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Title: Potential bias of model projected greenhouse warming in irrigated regions

Abstract

Atmospheric general circulation models (GCMs) used to project climate responses to increased CO{sub 2} generally omit irrigation of agricultural land. Using the NCAR CAM3 GCM coupled to a slab-ocean model, we find that inclusion of an extreme irrigation scenario has a small effect on the simulated temperature and precipitation response to doubled CO{sub 2} in most regions, but reduced warming by as much as 1 C in some agricultural regions, such as Europe and India. This interaction between CO{sub 2} and irrigation occurs in cases where agriculture is a major fraction of the land surface and where, in the absence of irrigation, soil moisture declines are projected to provide a positive feedback to temperature change. The reduction of warming is less than 25% of the temperature increase modeled for doubled CO{sub 2} in most regions; thus greenhouse warming will still be dominant. However, the results indicate that land use interactions may be an important component of climate change uncertainty in some agricultural regions. While irrigated lands comprise only {approx}2% of the land surface, they contribute over 40% of global food production. Climate changes in these regions are therefore particularly important to society despite their relatively small contribution to average globalmore » climate.« less

Authors:
; ; ;
Publication Date:
Research Org.:
Lawrence Livermore National Lab. (LLNL), Livermore, CA (United States)
Sponsoring Org.:
USDOE
OSTI Identifier:
897972
Report Number(s):
UCRL-JRNL-221969
TRN: US200706%%163
DOE Contract Number:  
W-7405-ENG-48
Resource Type:
Journal Article
Resource Relation:
Journal Name: Geophysical Research Letters, vol. 33, N/A, July 14, 2006, L13709, doi:10.1029/2006GL026770
Country of Publication:
United States
Language:
English
Subject:
54 ENVIRONMENTAL SCIENCES; AGRICULTURE; CLIMATES; FEEDBACK; FOOD; GENERAL CIRCULATION MODELS; GREENHOUSE GASES; IRRIGATION; LAND USE; MOISTURE; PRECIPITATION; PRODUCTION; SOILS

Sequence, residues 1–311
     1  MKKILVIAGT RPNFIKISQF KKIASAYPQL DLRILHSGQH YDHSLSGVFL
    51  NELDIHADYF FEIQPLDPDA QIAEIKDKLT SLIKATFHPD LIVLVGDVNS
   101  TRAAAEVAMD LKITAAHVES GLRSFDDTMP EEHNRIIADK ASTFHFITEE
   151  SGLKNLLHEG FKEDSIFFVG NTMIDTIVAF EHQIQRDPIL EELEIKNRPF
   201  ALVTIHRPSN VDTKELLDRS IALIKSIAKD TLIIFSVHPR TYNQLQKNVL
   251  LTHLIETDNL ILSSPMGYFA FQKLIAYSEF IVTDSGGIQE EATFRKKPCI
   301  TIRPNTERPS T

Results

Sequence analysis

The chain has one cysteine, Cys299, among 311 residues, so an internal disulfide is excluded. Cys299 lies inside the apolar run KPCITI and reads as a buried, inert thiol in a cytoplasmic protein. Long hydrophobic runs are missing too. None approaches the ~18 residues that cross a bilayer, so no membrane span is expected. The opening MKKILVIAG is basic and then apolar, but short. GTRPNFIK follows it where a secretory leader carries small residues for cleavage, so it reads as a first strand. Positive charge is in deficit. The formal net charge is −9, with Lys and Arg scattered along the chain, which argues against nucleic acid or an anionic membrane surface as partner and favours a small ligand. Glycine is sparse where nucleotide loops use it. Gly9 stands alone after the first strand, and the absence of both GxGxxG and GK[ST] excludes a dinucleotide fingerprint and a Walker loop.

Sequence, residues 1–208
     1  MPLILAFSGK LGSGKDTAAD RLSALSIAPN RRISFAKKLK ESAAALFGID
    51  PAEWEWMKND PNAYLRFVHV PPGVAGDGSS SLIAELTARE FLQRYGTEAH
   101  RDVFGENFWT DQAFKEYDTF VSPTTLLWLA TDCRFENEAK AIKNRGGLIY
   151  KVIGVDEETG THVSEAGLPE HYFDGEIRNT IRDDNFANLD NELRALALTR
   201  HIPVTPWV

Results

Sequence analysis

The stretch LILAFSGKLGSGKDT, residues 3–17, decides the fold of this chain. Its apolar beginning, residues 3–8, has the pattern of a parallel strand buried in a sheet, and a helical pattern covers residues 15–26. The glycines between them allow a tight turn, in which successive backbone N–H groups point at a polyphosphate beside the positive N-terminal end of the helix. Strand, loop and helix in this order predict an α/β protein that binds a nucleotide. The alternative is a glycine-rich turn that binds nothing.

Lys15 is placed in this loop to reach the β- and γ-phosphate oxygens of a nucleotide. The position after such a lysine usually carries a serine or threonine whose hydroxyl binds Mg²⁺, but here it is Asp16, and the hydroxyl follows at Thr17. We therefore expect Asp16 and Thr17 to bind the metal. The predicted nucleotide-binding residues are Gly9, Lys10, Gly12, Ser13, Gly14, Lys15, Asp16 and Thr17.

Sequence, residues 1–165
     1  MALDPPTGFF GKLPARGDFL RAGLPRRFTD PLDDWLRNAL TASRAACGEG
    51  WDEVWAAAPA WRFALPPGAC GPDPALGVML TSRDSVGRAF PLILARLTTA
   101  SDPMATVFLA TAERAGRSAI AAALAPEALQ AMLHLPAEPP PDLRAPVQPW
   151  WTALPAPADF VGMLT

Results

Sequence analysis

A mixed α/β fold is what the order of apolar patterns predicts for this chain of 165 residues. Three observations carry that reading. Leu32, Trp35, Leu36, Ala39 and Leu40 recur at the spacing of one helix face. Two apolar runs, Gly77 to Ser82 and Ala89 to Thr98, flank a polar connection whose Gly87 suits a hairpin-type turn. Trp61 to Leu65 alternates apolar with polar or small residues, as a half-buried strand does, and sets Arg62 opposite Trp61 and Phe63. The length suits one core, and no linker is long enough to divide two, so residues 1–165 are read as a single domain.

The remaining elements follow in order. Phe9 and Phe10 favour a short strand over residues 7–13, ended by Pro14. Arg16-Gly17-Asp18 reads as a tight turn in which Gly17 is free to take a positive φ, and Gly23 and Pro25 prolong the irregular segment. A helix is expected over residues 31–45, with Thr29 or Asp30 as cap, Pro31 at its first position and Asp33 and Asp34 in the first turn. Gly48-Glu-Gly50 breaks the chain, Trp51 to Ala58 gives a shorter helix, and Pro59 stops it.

Citation Formats

Lobell, D, Bala, G, Bonfils, C, and Duffy, P. Potential bias of model projected greenhouse warming in irrigated regions. United States: N. p., 2006. Web. doi:10.1029/2006GL026770.
Lobell, D, Bala, G, Bonfils, C, & Duffy, P. Potential bias of model projected greenhouse warming in irrigated regions. United States. doi:10.1029/2006GL026770.
Lobell, D, Bala, G, Bonfils, C, and Duffy, P. Thu . "Potential bias of model projected greenhouse warming in irrigated regions". United States. doi:10.1029/2006GL026770. https://www.osti.gov/servlets/purl/897972.
@article{osti_897972,
title = {Potential bias of model projected greenhouse warming in irrigated regions},
author = {Lobell, D and Bala, G and Bonfils, C and Duffy, P},
abstractNote = {Atmospheric general circulation models (GCMs) used to project climate responses to increased CO{sub 2} generally omit irrigation of agricultural land. Using the NCAR CAM3 GCM coupled to a slab-ocean model, we find that inclusion of an extreme irrigation scenario has a small effect on the simulated temperature and precipitation response to doubled CO{sub 2} in most regions, but reduced warming by as much as 1 C in some agricultural regions, such as Europe and India. This interaction between CO{sub 2} and irrigation occurs in cases where agriculture is a major fraction of the land surface and where, in the absence of irrigation, soil moisture declines are projected to provide a positive feedback to temperature change. The reduction of warming is less than 25% of the temperature increase modeled for doubled CO{sub 2} in most regions; thus greenhouse warming will still be dominant. However, the results indicate that land use interactions may be an important component of climate change uncertainty in some agricultural regions. While irrigated lands comprise only {approx}2% of the land surface, they contribute over 40% of global food production. Climate changes in these regions are therefore particularly important to society despite their relatively small contribution to average global climate.},
doi = {10.1029/2006GL026770},
journal = {Geophysical Research Letters, vol. 33, N/A, July 14, 2006, L13709, doi:10.1029/2006GL026770},
number = ,
volume = ,
place = {United States},
year = {Thu Apr 27 00:00:00 EDT 2006},
month = {Thu Apr 27 00:00:00 EDT 2006}
}